8 System of arrangement The records in this sub-fonds are arranged as follows: BC/1/1 Bath City charters, BC/1/2 BC/1/3 Acts of Parliament: national Acts affecting Bath, local Acts and Orders promoted by the Council, and local Bath Acts relating indirectly to the Council, 1835-c.1974 Papers relating to Acts of Parliament (including papers relating to the Municipal Corporations Act, Bath Acts of 1925 and 1937, boundary changes, 1911 and 1950, and local government reorganisations of 1970s and 1990s) The records have not yet been catalogued in detail; cataloguing is continuing. Please contact the Record Office for more information. Access Conditions No restrictions on access. Note Cataloguing of the records was funded by a grant from the National Cataloguing Grants Programme for Archives awarded in The archivists carrying out the cataloguing were assisted by a dedicated team of volunteers, who are credited individually in the detailed catalogue.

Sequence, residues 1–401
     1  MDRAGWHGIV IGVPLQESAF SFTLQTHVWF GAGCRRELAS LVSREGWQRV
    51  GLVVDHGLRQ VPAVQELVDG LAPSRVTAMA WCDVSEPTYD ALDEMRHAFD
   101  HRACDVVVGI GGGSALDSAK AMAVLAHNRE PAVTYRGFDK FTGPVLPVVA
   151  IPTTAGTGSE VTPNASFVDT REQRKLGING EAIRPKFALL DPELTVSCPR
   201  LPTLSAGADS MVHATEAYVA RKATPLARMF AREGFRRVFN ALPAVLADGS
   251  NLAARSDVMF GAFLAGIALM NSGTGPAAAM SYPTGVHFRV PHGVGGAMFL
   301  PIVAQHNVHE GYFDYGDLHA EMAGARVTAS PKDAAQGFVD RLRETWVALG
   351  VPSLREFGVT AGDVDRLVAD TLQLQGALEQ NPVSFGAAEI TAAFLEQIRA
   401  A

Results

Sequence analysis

9 Reference: BC/2 Records of Bath City Council and Bath & North East Somerset Council: Council and Committee minutes and related records Covering dates: Extent: Level: present c.170 linear metres Sub-fonds Description and Administrative History The Council minutes and related records form the official record of the actions and transactions of the Council, and show how the Council was carrying out its responsibilities. They include minutes of meetings of the full council and of committees, both signed and printed; agendas and summons for meetings; and accounts presented to the council and committees for approval. They also include records relating directly to Council members (councillors and aldermen) such as declarations of acceptance of office, and declarations of interest, and the papers of individual councillors. The minutes fall into three sections: 1. Minutes of Bath City Council Bath was a chartered borough up to 1835, a municipal borough , and a county borough These changes reflect changes to the structure of local government, but they had little effect at a practical level; on the contrary, there is evidence of an enormous amount of continuity in the conduct of the council over this period. The transition from chartered borough with a corporation to a municipal borough under an elected council appears to have been seamless. The first meeting of the new council took place on 31 December 1835, with the minutes written up in the same volume as the last meeting of the old council, which took place on 24 December. The minutes are headed 'meeting in pursuance of an Act for the Regulation of Municipal Corporations'; and the councillors are listed against the names of the wards for which they were elected, but the business dealt with by the council remained completely unchanged. The change to county borough status seems to have taken place with no formality and indeed to have passed almost completely unnoticed. Not only do the minutes of the council and its committees continue in the same volumes, the first meeting of what was technically now the county borough, which took place on 2 April 1889 (the Local Government Act came into force on 1 April 1889) makes no mention whatsoever of the change. For these reasons, the minutes for the whole of the period are dealt with as a whole. 2. Bath City Council,